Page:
Power circuitry 65 is coupled to the secondary of clock transformer 37, and includes on-chip rectifiers, filters, regulators, and references to provide power to the remaining portions of the chip. The 5-volt signal from clock driver 50 on chip 27 is stepped up by clock transformer 37 to a 13-14 volt peak-to-peak waveform. This is rectified and used to develop a 10-volt supply voltage for chip 30 and a 5-volt reference (via voltage reference generator 82) to set the trip points for current and voltage sensing circuitry 77 and 80.
Switch control circuitry 72 and IGBT gate driver 75 control the gates on the IGBT's. Switch control circuitry 72 is preprogrammed to call for "switch open," "switch closed," or "no change" when the subsystem goes into a default condition. Gate driver 75 can handle capacitive loads up to 5000 pf.
Temperature and current sense circuitry 77 provides signals from temperature sensing diodes and current mirrors on the IGBT's. The current sense trip point can be programmed, but the temperature trip point is fixed. When the permissible die temperature or maximum selected current of either switch is exceeded, it is turned off within two microseconds and the host notified. Temperature and current sense circuitry 77 has the ability to accurately sense currents less than 50μA, as well as large currents of 40A or more.
Four lines. designated LI, CO, CI, and L2, connect chip 30 and the IGBT's to the load and high voltage line. LI ties the line to one side of the IGBT switch, and CO ties the other side of the IGBT switch to the load. CI connects to the contact of the device sensing load status and through it, if closed, to the line (e.g.. AC common). L2 connects to the low side of the line. Four 1-megohm resistors link the four lines to corresponding inputs on voltage sense circuitry 80 where they provide the load status sense inputs. Current difference circuitry in the voltage sense circuitry 80 senses line voltage, customer input voltage, and customer output voltage.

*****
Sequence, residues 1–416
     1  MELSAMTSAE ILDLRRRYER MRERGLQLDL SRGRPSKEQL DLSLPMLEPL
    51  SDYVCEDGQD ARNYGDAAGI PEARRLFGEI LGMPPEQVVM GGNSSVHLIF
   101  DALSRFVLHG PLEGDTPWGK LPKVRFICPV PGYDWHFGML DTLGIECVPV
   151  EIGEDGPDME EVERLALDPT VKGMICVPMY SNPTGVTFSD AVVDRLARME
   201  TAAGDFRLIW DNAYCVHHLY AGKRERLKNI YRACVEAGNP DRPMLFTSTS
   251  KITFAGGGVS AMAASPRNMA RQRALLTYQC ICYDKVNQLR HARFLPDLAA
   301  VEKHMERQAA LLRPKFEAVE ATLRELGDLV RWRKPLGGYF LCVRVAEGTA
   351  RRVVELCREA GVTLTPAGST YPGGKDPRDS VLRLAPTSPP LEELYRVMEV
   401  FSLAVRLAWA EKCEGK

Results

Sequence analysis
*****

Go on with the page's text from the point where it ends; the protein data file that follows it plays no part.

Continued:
FIG. 3 is a more detailed block diagram of voltage sense circuitry 80 of FIG. 2. As shown therein, voltage sense circuitry 80 comprises an L2 current generating circuit 102,an L1 processing circuit 106, a CI processing circuit 110, a CO processing circuit 114, and comparators 118, 120, 122, 124, and 126. Voltage sense circuitry 80 is coupled for receiving an unregulated voltage from power circuitry 65 on a VUNREG line 130, a 5-volt reference voltage from voltage reference generator 82 on a VREF line 134, a line side (L1) voltage through an L1 line 138 and a resistor RL1, a common side (L2) voltage through an L2 line 142 and a resistor RL2, a customer-input (CI) voltage through a CI line 146 and a resistor RCI, a customer-output (CO) voltage through a CO line 150 and a resistor RCO, reset signals over an ARST-N line 154, and a floating power supply ground potential over a GND line 158. From these signals, voltage sense circuitry 80 produces an LIV signal on an LIV line 162 for indicating when line L1 is at a prescribed voltage relative to line L2, a CIVS signal on a CIVS line 166 for indicating when the customer input voltage is at a prescribed voltage relative to line L2, a COVS signals on a COVS line 170 for indicating when the customer output has attained a prescribed voltage relative to line L2, a CIWD signal on a CIWD line 174 for indicating a possible open-wire case on the customer input line, and a COWD signal on a COWD line 178 for indicating a possible open-wire condition on the customer output line.